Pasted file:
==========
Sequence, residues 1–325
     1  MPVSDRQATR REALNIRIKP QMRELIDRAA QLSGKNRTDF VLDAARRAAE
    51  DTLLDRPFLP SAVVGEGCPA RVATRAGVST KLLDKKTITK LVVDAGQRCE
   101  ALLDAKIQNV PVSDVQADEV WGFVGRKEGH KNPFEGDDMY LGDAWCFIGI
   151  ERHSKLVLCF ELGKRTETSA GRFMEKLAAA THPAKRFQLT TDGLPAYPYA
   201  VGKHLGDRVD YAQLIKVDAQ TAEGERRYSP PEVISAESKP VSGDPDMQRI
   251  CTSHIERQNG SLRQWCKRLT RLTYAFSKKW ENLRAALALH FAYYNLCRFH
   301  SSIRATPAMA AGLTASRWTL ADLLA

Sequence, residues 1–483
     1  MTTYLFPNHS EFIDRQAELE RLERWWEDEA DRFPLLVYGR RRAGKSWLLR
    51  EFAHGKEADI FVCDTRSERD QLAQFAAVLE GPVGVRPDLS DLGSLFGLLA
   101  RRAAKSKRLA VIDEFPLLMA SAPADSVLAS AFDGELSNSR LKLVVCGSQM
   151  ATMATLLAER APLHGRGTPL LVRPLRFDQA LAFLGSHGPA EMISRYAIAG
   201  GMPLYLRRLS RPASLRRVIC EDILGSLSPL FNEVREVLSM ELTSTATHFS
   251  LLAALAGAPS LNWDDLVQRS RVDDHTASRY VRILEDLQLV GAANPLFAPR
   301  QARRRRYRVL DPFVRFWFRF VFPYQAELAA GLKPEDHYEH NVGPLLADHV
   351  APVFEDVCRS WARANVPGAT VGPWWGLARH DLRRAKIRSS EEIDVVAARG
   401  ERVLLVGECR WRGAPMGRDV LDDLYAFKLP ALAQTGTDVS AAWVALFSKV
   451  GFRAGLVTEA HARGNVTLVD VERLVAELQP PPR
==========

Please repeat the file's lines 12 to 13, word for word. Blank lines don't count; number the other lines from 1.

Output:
   101  RRAAKSKRLA VIDEFPLLMA SAPADSVLAS AFDGELSNSR LKLVVCGSQM
   151  ATMATLLAER APLHGRGTPL LVRPLRFDQA LAFLGSHGPA EMISRYAIAG